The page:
In recent months, Dave (a close friend of mine, but not his real name) has been struggling with suicidal thoughts.
I’m the founder of a mental health company, and his situation still makes me feel scared. I know how hard it has been for him to get care, and I worry about his ability to find adequate support in time if his suicidal thoughts worsen into plans.
Unlike nearly every other cause of death in the U.S., the rate of suicide has doubled in the last 50 years. It’s the second leading cause of death in adults under 45 and the third leading cause of death for young people — the only leading killer without available prescription treatment.
Public resources designed to address the growing suicide crisis, including the national rollout of the 988 Suicide & Crisis Lifeline this summer, are an essential step in the right direction. Yet, on their own, they are not enough. While people considering self-harm are getting much-needed help in the moment, no one is yet asking the follow-up question: Will they harm themselves tomorrow?
Individuals who call 988 are routed to one of 200 centers for de-escalation. According to the Substance Abuse and Mental Health Services Administration (SAMHSA), which maintains 988, these counselors are “trained to help reduce the intensity of a situation for the person seeking help, and connect them to additional local resources, as needed, to support their wellbeing.”
The type of de-escalation achieved by crisis hotlines is a vital function that can reduce the likelihood that someone follows through with self-harm. But, it isn’t (and isn’t intended to be) care that fully addresses the self-harm risk or underlying causes. When callers are “connected” with community resources, this often means counselors provide a list of non-profit organizations, Federally Qualified Health Centers, and other mental health support services in their area.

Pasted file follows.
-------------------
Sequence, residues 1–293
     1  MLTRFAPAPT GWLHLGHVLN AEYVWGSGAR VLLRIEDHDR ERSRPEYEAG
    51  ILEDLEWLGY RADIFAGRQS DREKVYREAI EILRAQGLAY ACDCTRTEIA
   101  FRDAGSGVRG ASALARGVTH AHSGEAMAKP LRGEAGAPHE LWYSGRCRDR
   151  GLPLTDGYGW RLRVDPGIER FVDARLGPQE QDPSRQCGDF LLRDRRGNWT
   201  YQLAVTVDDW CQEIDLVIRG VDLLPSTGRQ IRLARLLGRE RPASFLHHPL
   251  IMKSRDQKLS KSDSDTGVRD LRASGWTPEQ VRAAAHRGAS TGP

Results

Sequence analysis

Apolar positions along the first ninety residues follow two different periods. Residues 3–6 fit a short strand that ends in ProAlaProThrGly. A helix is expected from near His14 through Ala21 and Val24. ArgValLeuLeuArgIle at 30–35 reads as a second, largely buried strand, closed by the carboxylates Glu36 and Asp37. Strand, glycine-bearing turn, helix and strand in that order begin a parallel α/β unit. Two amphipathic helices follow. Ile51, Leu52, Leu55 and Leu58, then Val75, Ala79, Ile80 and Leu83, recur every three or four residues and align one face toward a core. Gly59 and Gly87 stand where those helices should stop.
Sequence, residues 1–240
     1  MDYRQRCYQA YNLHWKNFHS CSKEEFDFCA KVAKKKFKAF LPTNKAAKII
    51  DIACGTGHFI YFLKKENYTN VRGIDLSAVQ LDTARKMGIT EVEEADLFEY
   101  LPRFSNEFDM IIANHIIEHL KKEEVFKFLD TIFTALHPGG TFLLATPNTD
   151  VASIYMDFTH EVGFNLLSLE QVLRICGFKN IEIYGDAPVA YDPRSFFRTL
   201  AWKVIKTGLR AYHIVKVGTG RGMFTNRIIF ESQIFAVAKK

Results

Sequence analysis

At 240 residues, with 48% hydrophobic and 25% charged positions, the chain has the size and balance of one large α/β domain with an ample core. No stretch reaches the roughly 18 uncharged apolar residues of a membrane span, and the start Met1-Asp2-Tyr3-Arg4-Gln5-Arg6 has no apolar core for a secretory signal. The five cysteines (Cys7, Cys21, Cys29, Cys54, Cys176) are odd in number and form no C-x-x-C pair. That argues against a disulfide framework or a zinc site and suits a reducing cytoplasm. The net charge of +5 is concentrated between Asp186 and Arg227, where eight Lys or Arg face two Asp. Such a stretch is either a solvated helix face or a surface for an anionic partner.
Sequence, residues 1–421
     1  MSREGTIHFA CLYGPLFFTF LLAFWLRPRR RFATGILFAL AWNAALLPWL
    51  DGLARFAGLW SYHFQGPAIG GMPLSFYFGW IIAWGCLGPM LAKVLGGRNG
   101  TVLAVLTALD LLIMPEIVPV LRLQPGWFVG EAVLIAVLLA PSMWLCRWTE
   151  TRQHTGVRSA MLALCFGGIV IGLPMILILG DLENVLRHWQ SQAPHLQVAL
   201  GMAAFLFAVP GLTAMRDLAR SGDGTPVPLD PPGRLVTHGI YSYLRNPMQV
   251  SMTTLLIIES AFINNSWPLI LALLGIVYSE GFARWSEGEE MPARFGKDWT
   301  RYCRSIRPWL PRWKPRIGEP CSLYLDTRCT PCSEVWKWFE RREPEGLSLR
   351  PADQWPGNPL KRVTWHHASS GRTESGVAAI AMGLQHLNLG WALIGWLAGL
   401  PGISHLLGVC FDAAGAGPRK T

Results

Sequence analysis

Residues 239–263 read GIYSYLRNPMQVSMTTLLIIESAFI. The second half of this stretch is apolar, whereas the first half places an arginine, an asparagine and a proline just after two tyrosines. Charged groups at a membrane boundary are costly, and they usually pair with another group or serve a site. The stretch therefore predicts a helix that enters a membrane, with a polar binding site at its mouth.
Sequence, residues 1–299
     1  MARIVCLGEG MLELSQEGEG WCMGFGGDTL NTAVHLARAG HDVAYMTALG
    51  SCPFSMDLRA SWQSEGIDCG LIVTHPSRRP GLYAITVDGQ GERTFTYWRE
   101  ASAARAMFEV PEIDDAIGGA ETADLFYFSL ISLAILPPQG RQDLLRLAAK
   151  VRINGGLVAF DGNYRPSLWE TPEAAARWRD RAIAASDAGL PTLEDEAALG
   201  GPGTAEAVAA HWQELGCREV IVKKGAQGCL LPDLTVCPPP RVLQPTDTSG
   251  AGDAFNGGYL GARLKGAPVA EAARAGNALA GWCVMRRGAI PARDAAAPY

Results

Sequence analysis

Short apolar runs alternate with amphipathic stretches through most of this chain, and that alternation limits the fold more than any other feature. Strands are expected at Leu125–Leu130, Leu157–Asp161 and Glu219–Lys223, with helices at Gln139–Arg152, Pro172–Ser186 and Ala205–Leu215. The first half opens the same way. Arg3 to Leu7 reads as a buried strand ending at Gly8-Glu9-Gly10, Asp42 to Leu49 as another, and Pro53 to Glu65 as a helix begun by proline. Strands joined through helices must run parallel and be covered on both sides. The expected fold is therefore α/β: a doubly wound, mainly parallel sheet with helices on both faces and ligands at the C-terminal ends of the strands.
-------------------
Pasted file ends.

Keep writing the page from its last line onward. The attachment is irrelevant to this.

These organizations have the same challenges and constraints as most mental health resources right now: long wait times for appointments and staff not specialized in treating those at elevated risk of suicide. As a result, only a fraction of those seeking real help with suicidal thoughts get meaningful treatment to sustainably reduce their risk.
Notably, this same scenario occurs when people visit the Emergency Department or get discharged from an inpatient mental health hospitalization. They receive a list of local mental health resources but little support to secure follow-up care. Suicide rates are actually 100-200 times higher after inpatient psychiatric treatment.
Several factors make it difficult to find timely and effective follow-up care for severe and acute needs. First, we have a well-known and growing shortage of psychiatrists.
This problem is amplified by those mental health providers who opt to be paid directly rather than accept insurance reimbursement for their services. Additionally, only a fraction of mental health providers have specific training in delivering the care those with more severe needs require. Treating these patients can also be considered a liability risk, causing providers to avoid taking them on.
We must also examine how crisis care is delivered. As a result, there are massive inefficiencies in patient admission, triage, and evaluation – leading to overcrowding in emergency departments. The mental health ecosystem is fragmented and lacks effective tools to help patients find and engage the right providers for their insurance and their clinical needs, both before and after they call 988. These patients need more and better resources quickly.
Digital mental health care providers offer a new and powerful way to reach this population. These models can help address our provider shortage by smoothing supply across geographies, minimizing clinician administrative time, and allowing providers to be more efficient with patient care. Remote patient monitoring capabilities can also make telehealth well-suited for treating high-severity and acuity patients, often more quickly and effectively than traditional models of in-person care.
Finally, we must examine what happens after patients are discharged and the resources, including telehealth, local support, and referrals, that they are (or often aren’t) equipped with during discharge.
Collaboration between payers, health systems, clinicians in private practice and specialty telehealth providers will enable us to build a nationwide care pathway for individuals considering ending their lives. The launch of the 988 hotline was a massive win for mental healthcare in America, but it’s only the first step. The next is to continue working to ensure that everyone who needs timely, effective suicide care can be connected through crisis hotlines, emergency rooms, and discharges from inpatient care. My friend Dave, and millions of other Americans like him, need that support now.
Photo: Wacharaphong, Getty Images